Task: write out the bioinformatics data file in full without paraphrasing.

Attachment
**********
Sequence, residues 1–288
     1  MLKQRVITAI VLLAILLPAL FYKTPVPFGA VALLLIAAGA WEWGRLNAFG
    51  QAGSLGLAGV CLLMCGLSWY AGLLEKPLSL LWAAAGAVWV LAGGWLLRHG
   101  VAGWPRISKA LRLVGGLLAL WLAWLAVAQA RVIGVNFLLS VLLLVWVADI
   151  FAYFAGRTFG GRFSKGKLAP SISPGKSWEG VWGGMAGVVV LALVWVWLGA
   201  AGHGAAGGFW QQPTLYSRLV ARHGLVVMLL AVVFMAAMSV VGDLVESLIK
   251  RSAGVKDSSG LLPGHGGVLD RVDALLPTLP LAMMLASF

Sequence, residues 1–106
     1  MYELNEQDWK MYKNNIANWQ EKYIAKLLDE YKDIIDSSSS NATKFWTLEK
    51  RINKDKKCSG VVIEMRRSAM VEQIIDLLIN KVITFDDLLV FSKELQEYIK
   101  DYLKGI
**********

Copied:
Sequence, residues 1–288
     1  MLKQRVITAI VLLAILLPAL FYKTPVPFGA VALLLIAAGA WEWGRLNAFG
    51  QAGSLGLAGV CLLMCGLSWY AGLLEKPLSL LWAAAGAVWV LAGGWLLRHG
   101  VAGWPRISKA LRLVGGLLAL WLAWLAVAQA RVIGVNFLLS VLLLVWVADI
   151  FAYFAGRTFG GRFSKGKLAP SISPGKSWEG VWGGMAGVVV LALVWVWLGA
   201  AGHGAAGGFW QQPTLYSRLV ARHGLVVMLL AVVFMAAMSV VGDLVESLIK
   251  RSAGVKDSSG LLPGHGGVLD RVDALLPTLP LAMMLASF

Sequence, residues 1–106
     1  MYELNEQDWK MYKNNIANWQ EKYIAKLLDE YKDIIDSSSS NATKFWTLEK
    51  RINKDKKCSG VVIEMRRSAM VEQIIDLLIN KVITFDDLLV FSKELQEYIK
   101  DYLKGI